What does it actually feels like to work as a hypnotherapist? Well, when it comes to job reward and satisfaction it has no equal, as far as I’m concerned. Whether you are simply helping an 80 a day smoker to quit smoking overnight, releasing somebody from a phobia or a fear that has been controlling their life, improving somebody’s sporting performance, or helping an individual to enhance his or her career prospects in some way, it always feels good. You do definitely get used to it, and quite quickly as a rule, though it never becomes quite routine because you are always dealing with people, and people are quite different from each other.
Imagine if you were suddenly able to find a solution for a problem that has been plaguing somebody for months, maybe even years. They have assumed that they just had to put up with it and make the best of things – and then you help them to make a change, a change so pronounced and dramatic that it begins to seem to them as if the problem never really was that bad in the first place. They can smile again, and enjoy life again. You might imagine that your job satisfaction would be fairly high. Well, that’s life for the successful hypnotherapist – and that same sort of scenario happens over and again.
One thing though, that can seem a bit strange, at first, is when you talk to a client that you have taken into a good working state of hypnosis, because they can seem completely disinterested in anything that you have to say or do. But you even get used that after while, especially as you begin to gain confidence from the hard evidence that your work is producing beneficial effects. By hard evidence, of course, I mean the fact that clients keep on telling you that they feel much better.
A ‘professional’s professional’
A working professional hypnotherapist should at all times attempt to be a ‘professional’s professional’. That is, the manner of presentation, dress, conduct and general way of being should be such that nobody would ever doubt that here was a professional. This does not mean being ‘stuffy’ or exceptionally conservative – far from it, for that would make it more difficult, maybe even impossible, to establish a good rapport with the vast majority of my clients, and rapport and empathy is a large part of what the job is all about.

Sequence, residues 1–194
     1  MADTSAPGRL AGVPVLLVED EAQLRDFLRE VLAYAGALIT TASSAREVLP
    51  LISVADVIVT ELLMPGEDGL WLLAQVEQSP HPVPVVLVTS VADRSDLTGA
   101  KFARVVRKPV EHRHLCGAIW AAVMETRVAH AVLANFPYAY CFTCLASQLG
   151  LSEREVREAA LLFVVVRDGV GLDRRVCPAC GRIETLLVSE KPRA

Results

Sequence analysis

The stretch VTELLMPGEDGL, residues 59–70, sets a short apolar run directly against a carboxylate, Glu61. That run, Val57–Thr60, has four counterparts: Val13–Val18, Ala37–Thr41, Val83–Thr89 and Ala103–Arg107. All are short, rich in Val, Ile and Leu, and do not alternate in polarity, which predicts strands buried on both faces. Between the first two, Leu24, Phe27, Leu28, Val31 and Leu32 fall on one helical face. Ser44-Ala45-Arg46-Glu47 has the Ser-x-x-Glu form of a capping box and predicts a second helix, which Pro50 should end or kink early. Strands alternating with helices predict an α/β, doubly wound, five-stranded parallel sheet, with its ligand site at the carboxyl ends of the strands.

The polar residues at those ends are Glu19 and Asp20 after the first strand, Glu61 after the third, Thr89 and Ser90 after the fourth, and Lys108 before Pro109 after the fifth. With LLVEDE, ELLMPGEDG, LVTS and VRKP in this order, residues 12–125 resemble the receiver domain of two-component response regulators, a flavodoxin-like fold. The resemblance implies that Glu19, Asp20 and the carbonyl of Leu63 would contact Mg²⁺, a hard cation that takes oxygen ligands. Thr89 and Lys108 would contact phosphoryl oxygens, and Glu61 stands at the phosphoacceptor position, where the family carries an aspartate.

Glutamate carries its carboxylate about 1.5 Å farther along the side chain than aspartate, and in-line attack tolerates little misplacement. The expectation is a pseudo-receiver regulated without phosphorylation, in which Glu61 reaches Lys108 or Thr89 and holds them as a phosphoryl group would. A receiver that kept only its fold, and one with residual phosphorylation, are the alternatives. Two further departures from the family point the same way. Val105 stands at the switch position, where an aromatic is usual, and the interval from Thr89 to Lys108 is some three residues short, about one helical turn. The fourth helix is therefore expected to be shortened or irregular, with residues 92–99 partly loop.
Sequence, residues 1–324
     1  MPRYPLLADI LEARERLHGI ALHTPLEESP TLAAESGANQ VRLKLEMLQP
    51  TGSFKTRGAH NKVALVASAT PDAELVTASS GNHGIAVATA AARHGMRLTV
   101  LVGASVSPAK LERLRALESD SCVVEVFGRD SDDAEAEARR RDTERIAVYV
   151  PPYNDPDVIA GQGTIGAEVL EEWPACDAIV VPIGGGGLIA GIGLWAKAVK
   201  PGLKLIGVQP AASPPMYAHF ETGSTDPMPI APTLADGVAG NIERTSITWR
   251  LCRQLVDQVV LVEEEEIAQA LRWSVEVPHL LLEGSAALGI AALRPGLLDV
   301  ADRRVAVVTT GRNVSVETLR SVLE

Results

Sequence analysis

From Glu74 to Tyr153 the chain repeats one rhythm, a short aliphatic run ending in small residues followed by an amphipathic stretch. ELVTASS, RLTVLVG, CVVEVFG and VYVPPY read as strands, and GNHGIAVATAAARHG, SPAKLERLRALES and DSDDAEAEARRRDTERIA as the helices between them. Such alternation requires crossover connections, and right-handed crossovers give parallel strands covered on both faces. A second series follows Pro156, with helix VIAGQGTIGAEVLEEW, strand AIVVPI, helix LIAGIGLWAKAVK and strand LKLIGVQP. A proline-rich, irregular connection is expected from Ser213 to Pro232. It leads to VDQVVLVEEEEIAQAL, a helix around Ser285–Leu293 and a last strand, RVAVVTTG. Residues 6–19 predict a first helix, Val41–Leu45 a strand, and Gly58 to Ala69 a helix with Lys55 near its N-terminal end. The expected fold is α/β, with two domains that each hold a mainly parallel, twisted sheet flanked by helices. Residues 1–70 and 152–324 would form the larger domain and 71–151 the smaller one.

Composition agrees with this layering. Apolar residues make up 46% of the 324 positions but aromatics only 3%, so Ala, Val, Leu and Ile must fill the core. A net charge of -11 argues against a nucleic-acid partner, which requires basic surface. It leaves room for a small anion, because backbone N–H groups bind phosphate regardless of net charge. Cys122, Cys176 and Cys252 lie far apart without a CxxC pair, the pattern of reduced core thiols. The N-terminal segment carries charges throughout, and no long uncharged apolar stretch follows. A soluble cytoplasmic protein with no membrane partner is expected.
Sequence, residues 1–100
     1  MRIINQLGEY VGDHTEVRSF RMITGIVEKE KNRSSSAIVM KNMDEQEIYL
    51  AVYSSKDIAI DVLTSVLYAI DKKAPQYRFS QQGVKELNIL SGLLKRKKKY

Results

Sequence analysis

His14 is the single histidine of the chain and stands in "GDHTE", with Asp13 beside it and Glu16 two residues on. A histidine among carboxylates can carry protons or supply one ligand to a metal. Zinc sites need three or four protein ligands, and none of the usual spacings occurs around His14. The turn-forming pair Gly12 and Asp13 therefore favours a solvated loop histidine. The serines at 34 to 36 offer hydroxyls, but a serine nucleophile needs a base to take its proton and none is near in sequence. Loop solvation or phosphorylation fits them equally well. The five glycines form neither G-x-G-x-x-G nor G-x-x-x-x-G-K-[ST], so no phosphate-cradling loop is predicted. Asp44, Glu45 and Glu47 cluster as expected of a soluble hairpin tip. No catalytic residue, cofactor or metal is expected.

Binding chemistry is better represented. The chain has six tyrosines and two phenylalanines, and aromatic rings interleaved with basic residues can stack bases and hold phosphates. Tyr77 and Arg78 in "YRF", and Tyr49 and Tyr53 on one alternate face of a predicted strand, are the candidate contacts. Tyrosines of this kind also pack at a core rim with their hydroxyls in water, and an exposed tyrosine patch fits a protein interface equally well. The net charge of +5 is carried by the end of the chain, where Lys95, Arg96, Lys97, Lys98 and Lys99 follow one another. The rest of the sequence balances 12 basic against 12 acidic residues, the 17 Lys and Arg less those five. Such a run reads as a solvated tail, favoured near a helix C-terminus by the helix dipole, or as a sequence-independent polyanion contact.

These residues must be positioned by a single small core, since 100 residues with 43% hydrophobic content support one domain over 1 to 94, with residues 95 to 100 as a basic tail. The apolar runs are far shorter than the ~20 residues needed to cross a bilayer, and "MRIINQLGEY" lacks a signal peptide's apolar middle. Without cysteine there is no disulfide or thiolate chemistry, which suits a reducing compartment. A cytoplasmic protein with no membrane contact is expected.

What it does mean, is that if I knew there was a camera recording my every move and every word, there would seldom be anything on there that I would fervently wish to erase. I would be happy for anybody, peers, clients or prospective clients, to view any part of that film, safe in the knowledge that any criticism could only be minor and that there was nothing, but nothing, about which I would feel uneasy, or worse, ashamed. Such confidence comes with experience.
A professional hypnotherapist should always appear to be relaxed and at ease while with a client. There will be times when a hypnotherapist does not feel anything of the sort – perhaps due to problems in their own personal life or some other event which has absolutely nothing to do with the client – but this must never be evident. The client is paying me to do a professional job of work and that is a contract which I must not break.
Any negative thoughts and feelings in the working therapist’s personal life, any domestic trials and tribulations, are put ‘on hold’ by the true professional and ‘shelved’ so completely that nobody would ever guess there was anything wrong.
The consulting room must be a haven of calmness and stability, for both myself and my clients, a place that is always both relaxing and welcoming. Clients always need to feel comfortable and at ease enough that by the end of their first visit with me, they are beginning to feel that they have found not only a gem of a therapist, but someone that they can view as a friend, too. That is rapport.
When these things are right, the all-important business of healing, the very reason for my existence as a hypnotherapist, can readily take place. Yes, all right, I want to earn some money too, but unless I do some actual healing, I am not going to earn very much.
The qualities needed to be a hypnotherapist
In addition to having a genuine wish to help others, there is truly only one essential facet of personality that you need to be a good hypnotherapist, and that is what you might call life experience, along with an interest in what makes people tick. If you have got a few summers behind you that is actually going to be an advantage. This doesn’t mean that you cannot be successful if you are still very young, only that you might have to work a touch harder to find success – but then if you are very young you have plenty of time to do it. One of the great things about hypnotherapy as a career, is that you can bring every resource that you possess into your therapeutic endeavours.
Hypnotherapists come from all walks of life. Shop assistants, lorry drivers, welders, ballroom dancers, housewives, house husbands, those recently made redundant, the unemployed, or simply somebody who fancies a change of career. For those who get it right, who study diligently, and maybe even allow themselves to question some long held beliefs about themselves, it can turn out to be best career that they have ever had!